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authorH. Peter Anvin <hpa@zytor.com>2008-05-30 17:19:03 -0700
committerH. Peter Anvin <hpa@zytor.com>2008-05-30 17:19:03 -0700
commit23deb06821442506615f34bd92ccd6a2422629d7 (patch)
tree5e95dba1471007a161e19844fab2d60d422f5423 /Documentation/x86/i386
parent4039feb5bae72a5fed9ba6bc1a9cfd8dfe0a8613 (diff)
x86: move x86-specific documentation into Documentation/x86
The current organization of the x86 documentation makes it appear as if the "i386" documentation doesn't apply to x86-64, which is does. Thus, move that documentation into Documentation/x86, and move the x86-64-specific stuff into Documentation/x86/x86_64 with the eventual goal to move stuff that isn't actually 64-bit specific back into Documentation/x86. Signed-off-by: H. Peter Anvin <hpa@zytor.com>
Diffstat (limited to 'Documentation/x86/i386')
-rw-r--r--Documentation/x86/i386/IO-APIC.txt119
-rw-r--r--Documentation/x86/i386/boot.txt900
-rw-r--r--Documentation/x86/i386/usb-legacy-support.txt44
-rw-r--r--Documentation/x86/i386/zero-page.txt31
4 files changed, 1094 insertions, 0 deletions
diff --git a/Documentation/x86/i386/IO-APIC.txt b/Documentation/x86/i386/IO-APIC.txt
new file mode 100644
index 000000000000..30b4c714fbe1
--- /dev/null
+++ b/Documentation/x86/i386/IO-APIC.txt
@@ -0,0 +1,119 @@
+Most (all) Intel-MP compliant SMP boards have the so-called 'IO-APIC',
+which is an enhanced interrupt controller. It enables us to route
+hardware interrupts to multiple CPUs, or to CPU groups. Without an
+IO-APIC, interrupts from hardware will be delivered only to the
+CPU which boots the operating system (usually CPU#0).
+
+Linux supports all variants of compliant SMP boards, including ones with
+multiple IO-APICs. Multiple IO-APICs are used in high-end servers to
+distribute IRQ load further.
+
+There are (a few) known breakages in certain older boards, such bugs are
+usually worked around by the kernel. If your MP-compliant SMP board does
+not boot Linux, then consult the linux-smp mailing list archives first.
+
+If your box boots fine with enabled IO-APIC IRQs, then your
+/proc/interrupts will look like this one:
+
+ ---------------------------->
+ hell:~> cat /proc/interrupts
+ CPU0
+ 0: 1360293 IO-APIC-edge timer
+ 1: 4 IO-APIC-edge keyboard
+ 2: 0 XT-PIC cascade
+ 13: 1 XT-PIC fpu
+ 14: 1448 IO-APIC-edge ide0
+ 16: 28232 IO-APIC-level Intel EtherExpress Pro 10/100 Ethernet
+ 17: 51304 IO-APIC-level eth0
+ NMI: 0
+ ERR: 0
+ hell:~>
+ <----------------------------
+
+Some interrupts are still listed as 'XT PIC', but this is not a problem;
+none of those IRQ sources is performance-critical.
+
+
+In the unlikely case that your board does not create a working mp-table,
+you can use the pirq= boot parameter to 'hand-construct' IRQ entries. This
+is non-trivial though and cannot be automated. One sample /etc/lilo.conf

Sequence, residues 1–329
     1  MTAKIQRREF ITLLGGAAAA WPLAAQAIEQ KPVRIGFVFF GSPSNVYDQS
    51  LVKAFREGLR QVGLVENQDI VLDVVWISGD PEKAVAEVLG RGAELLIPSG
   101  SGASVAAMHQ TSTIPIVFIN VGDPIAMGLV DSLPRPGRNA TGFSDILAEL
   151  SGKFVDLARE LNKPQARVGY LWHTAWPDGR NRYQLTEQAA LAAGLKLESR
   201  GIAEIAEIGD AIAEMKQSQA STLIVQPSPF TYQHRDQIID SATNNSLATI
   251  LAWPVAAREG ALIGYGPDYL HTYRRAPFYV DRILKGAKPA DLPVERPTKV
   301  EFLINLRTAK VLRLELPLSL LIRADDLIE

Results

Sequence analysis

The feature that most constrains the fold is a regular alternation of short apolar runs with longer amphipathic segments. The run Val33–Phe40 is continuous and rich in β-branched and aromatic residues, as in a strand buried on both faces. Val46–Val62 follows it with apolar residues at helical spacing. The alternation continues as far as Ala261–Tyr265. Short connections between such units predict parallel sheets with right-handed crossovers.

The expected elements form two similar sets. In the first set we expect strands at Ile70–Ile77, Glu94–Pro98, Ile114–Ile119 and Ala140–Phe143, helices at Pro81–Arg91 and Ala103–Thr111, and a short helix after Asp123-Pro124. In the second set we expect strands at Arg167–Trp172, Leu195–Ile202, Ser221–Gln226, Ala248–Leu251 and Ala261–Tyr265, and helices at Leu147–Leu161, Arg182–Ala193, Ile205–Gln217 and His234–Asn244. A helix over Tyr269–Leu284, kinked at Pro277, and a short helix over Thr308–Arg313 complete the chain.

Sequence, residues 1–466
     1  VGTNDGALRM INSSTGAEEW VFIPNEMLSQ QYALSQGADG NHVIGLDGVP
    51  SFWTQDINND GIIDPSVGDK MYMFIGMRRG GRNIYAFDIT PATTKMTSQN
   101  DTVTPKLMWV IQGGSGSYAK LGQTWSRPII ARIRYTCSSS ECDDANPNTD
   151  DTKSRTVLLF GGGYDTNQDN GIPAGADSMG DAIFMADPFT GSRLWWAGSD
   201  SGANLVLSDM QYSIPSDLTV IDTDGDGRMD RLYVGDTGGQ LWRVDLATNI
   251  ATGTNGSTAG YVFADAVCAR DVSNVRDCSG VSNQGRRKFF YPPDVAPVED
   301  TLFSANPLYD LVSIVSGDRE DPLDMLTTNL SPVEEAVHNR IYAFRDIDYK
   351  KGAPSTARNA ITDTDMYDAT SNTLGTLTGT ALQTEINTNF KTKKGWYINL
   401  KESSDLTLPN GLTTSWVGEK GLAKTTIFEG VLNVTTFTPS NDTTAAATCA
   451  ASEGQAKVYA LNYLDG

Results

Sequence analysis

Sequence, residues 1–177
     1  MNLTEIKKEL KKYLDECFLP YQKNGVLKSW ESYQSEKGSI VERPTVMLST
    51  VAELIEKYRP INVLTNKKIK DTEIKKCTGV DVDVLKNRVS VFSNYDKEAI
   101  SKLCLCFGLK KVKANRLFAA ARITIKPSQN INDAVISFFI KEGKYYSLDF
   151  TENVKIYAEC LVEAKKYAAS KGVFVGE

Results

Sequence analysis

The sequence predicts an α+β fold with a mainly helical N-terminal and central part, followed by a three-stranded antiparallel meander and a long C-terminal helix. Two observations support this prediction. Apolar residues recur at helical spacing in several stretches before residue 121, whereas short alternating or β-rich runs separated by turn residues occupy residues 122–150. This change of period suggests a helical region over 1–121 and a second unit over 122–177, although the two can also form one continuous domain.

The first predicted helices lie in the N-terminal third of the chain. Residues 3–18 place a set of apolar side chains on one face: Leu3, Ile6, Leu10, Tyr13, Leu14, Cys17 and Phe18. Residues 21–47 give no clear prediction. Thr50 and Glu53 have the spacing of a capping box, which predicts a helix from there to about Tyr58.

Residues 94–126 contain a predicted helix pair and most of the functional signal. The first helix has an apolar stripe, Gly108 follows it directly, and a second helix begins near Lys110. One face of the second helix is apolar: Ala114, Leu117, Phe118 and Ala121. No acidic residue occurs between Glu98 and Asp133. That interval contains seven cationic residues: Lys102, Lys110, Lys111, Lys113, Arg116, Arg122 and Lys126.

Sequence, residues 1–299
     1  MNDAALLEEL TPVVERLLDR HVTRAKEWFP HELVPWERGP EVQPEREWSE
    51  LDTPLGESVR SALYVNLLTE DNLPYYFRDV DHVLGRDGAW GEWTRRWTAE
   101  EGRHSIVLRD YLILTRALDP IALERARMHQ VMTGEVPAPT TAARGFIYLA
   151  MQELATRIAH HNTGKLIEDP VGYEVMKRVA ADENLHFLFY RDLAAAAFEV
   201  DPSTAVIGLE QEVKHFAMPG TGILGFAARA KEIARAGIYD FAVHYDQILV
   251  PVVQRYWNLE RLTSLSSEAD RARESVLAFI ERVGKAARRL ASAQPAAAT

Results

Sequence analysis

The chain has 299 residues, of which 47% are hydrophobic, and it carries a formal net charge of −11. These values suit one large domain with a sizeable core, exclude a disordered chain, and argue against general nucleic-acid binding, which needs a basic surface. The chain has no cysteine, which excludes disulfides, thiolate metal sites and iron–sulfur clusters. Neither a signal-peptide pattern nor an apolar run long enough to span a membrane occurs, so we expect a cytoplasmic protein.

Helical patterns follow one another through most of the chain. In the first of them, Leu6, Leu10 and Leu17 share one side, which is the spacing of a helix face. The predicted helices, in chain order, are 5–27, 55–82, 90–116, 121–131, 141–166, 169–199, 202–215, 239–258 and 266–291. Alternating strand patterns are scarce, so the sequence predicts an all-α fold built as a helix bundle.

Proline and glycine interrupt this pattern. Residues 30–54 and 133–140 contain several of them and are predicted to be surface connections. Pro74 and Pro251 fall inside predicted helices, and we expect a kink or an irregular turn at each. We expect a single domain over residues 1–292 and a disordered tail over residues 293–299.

+entry:
+
+ append="pirq=15,11,10"
+
+The actual numbers depend on your system, on your PCI cards and on their
+PCI slot position. Usually PCI slots are 'daisy chained' before they are
+connected to the PCI chipset IRQ routing facility (the incoming PIRQ1-4
+lines):
+
+ ,-. ,-. ,-. ,-. ,-.
+ PIRQ4 ----| |-. ,-| |-. ,-| |-. ,-| |--------| |
+ |S| \ / |S| \ / |S| \ / |S| |S|
+ PIRQ3 ----|l|-. `/---|l|-. `/---|l|-. `/---|l|--------|l|
+ |o| \/ |o| \/ |o| \/ |o| |o|
+ PIRQ2 ----|t|-./`----|t|-./`----|t|-./`----|t|--------|t|
+ |1| /\ |2| /\ |3| /\ |4| |5|
+ PIRQ1 ----| |- `----| |- `----| |- `----| |--------| |
+ `-' `-' `-' `-' `-'
+
+Every PCI card emits a PCI IRQ, which can be INTA, INTB, INTC or INTD:
+
+ ,-.
+ INTD--| |
+ |S|
+ INTC--|l|
+ |o|
+ INTB--|t|
+ |x|
+ INTA--| |
+ `-'
+
+These INTA-D PCI IRQs are always 'local to the card', their real meaning
+depends on which slot they are in. If you look at the daisy chaining diagram,
+a card in slot4, issuing INTA IRQ, it will end up as a signal on PIRQ4 of
+the PCI chipset. Most cards issue INTA, this creates optimal distribution
+between the PIRQ lines. (distributing IRQ sources properly is not a
+necessity, PCI IRQs can be shared at will, but it's a good for performance
+to have non shared interrupts). Slot5 should be used for videocards, they
+do not use interrupts normally, thus they are not daisy chained either.
+
+so if you have your SCSI card (IRQ11) in Slot1, Tulip card (IRQ9) in
+Slot2, then you'll have to specify this pirq= line:
+
+ append="pirq=11,9"
+
+the following script tries to figure out such a default pirq= line from
+your PCI configuration:
+
+ echo -n pirq=; echo `scanpci | grep T_L | cut -c56-` | sed 's/ /,/g'
+
+note that this script wont work if you have skipped a few slots or if your
+board does not do default daisy-chaining. (or the IO-APIC has the PIRQ pins
+connected in some strange way). E.g. if in the above case you have your SCSI
+card (IRQ11) in Slot3, and have Slot1 empty:
+
+ append="pirq=0,9,11"
+
+[value '0' is a generic 'placeholder', reserved for empty (or non-IRQ emitting)
+slots.]
+
+Generally, it's always possible to find out the correct pirq= settings, just
+permute all IRQ numbers properly ... it will take some time though. An
+'incorrect' pirq line will cause the booting process to hang, or a device
+won't function properly (e.g. if it's inserted as a module).
+
+If you have 2 PCI buses, then you can use up to 8 pirq values, although such
+boards tend to have a good configuration.
+
+Be prepared that it might happen that you need some strange pirq line:
+
+ append="pirq=0,0,0,0,0,0,9,11"
+
+Use smart trial-and-error techniques to find out the correct pirq line ...
+
+Good luck and mail to linux-smp@vger.kernel.org or
+linux-kernel@vger.kernel.org if you have any problems that are not covered
+by this document.
+
+-- mingo
+
diff --git a/Documentation/x86/i386/boot.txt b/Documentation/x86/i386/boot.txt
new file mode 100644